No, we don’t mean solar-powered missions, though solar power has been a mainstay of NASA vehicles for ages. We mean missions to the sun.
Officially dubbed the Solar Probe Plus, the purpose of the 2018-scheduled odyssey is straightforward enough: studying the sun’s surface. This has been impossible for decades simply because no spacecraft was available strong enough to resist the sun’s withering radiation.
Not anymore. Though specific materials haven’t been revealed, the dainty probe (no larger than a Volkswagen Beetle) carries two sets of arrays. One is going to power its trip while its liquid-cooled heat-resistant sibling goes into action once it’s in place some 3.7 million miles from the sun’s boiling surface.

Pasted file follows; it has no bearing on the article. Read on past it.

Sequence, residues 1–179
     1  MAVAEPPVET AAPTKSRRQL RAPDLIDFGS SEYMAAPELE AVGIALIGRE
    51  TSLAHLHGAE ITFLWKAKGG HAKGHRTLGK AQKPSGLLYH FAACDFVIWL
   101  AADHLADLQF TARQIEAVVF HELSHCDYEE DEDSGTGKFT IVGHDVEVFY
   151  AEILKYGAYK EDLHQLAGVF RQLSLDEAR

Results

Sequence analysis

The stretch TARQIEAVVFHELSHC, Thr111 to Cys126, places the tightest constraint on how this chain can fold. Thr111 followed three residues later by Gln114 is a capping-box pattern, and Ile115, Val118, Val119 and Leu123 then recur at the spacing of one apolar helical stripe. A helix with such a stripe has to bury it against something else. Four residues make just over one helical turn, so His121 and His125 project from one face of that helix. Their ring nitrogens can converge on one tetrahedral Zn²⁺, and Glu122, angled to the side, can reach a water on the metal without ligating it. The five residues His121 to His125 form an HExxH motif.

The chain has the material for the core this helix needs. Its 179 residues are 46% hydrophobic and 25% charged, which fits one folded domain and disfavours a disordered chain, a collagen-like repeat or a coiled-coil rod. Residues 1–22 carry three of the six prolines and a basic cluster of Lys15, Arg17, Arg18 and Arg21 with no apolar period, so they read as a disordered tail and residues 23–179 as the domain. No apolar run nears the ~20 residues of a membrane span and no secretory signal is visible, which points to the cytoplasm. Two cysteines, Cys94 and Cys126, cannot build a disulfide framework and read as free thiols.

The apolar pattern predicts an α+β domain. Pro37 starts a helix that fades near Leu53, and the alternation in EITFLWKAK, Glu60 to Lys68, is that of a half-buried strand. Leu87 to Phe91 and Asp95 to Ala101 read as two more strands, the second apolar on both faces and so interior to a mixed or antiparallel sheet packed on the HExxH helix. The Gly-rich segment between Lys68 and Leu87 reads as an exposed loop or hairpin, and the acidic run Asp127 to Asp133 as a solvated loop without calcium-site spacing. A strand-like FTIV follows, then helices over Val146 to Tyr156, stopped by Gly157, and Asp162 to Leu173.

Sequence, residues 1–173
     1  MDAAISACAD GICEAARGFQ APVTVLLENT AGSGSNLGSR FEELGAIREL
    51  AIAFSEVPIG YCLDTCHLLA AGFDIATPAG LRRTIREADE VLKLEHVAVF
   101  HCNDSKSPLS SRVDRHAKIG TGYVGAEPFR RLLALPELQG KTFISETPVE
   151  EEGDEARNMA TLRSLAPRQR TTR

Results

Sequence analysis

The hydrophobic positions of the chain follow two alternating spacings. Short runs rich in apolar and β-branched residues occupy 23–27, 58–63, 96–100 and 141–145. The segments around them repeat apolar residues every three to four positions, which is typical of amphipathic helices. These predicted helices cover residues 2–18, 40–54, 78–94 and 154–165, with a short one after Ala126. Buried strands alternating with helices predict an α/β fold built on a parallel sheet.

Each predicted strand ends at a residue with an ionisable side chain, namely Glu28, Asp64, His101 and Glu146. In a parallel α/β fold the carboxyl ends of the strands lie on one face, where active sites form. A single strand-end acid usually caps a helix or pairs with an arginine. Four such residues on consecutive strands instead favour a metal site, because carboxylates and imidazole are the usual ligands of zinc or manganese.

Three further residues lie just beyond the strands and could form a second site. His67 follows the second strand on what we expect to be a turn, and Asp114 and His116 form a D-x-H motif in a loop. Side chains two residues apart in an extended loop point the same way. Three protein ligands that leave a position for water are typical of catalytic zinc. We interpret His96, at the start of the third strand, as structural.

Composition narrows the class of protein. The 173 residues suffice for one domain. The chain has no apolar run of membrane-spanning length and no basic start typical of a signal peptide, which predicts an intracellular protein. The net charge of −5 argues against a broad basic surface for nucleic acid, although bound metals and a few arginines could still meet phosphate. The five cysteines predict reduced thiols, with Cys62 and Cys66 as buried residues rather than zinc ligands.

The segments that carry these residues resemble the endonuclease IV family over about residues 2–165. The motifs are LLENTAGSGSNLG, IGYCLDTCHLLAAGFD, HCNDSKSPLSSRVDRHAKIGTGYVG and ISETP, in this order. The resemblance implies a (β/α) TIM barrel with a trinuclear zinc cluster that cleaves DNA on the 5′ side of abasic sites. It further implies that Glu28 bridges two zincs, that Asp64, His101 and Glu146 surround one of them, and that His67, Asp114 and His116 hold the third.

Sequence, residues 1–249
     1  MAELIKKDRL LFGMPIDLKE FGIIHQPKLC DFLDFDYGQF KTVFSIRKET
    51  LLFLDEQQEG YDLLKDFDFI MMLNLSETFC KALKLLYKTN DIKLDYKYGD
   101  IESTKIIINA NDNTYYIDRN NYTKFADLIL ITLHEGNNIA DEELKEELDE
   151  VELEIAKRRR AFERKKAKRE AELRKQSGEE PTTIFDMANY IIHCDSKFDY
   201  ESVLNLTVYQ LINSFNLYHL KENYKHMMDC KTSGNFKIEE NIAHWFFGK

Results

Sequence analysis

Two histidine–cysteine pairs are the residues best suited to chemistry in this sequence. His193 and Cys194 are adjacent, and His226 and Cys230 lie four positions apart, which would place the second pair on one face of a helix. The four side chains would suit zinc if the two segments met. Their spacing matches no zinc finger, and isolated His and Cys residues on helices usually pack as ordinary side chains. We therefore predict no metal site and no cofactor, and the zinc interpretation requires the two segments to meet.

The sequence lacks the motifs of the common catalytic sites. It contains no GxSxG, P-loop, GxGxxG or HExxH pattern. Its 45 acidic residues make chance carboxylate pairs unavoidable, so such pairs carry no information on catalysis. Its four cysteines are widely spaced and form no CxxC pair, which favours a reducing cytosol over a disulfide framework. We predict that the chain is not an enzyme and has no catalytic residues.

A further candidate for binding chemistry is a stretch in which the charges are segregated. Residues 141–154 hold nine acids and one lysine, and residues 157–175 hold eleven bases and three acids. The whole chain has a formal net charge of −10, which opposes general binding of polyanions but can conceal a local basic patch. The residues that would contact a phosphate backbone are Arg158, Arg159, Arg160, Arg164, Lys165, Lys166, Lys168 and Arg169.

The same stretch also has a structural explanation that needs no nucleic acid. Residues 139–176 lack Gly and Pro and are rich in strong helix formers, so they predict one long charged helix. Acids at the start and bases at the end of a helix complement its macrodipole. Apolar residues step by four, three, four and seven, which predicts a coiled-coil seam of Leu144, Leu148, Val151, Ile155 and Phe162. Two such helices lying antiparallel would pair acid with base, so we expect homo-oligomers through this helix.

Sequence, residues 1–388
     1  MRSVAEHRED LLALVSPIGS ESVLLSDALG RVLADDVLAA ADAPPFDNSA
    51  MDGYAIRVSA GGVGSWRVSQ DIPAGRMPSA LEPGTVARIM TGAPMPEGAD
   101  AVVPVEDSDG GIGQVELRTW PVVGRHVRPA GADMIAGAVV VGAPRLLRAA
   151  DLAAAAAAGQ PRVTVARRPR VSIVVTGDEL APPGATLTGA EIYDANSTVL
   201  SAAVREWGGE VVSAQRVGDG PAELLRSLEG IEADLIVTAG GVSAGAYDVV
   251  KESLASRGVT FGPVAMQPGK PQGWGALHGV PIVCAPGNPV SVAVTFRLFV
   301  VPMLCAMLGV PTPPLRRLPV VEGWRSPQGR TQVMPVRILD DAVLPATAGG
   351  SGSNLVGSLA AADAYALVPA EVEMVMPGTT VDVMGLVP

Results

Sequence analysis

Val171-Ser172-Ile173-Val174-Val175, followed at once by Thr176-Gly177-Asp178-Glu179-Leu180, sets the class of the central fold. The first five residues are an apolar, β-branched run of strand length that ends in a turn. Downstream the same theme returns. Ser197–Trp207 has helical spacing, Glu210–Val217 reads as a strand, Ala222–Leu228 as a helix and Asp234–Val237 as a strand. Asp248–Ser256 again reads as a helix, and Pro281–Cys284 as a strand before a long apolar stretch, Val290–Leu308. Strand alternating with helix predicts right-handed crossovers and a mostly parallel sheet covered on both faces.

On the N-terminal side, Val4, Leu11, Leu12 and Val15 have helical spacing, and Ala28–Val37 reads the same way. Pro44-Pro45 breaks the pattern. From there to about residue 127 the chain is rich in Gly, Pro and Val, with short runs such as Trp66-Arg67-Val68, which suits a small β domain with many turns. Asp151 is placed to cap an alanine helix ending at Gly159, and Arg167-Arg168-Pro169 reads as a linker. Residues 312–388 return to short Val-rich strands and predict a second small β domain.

But the trip remains fraught with peril for the simple fact that it’s going to test how durable NASA technology is when bombarded by solar radiation. With no previous experience to serve as a learning curve and a current budget that’s a far cry from its glory days, NASA sure has a tall order ahead of it. That is, unless either the revamped space programs of Russia or China triggers healthy competition.
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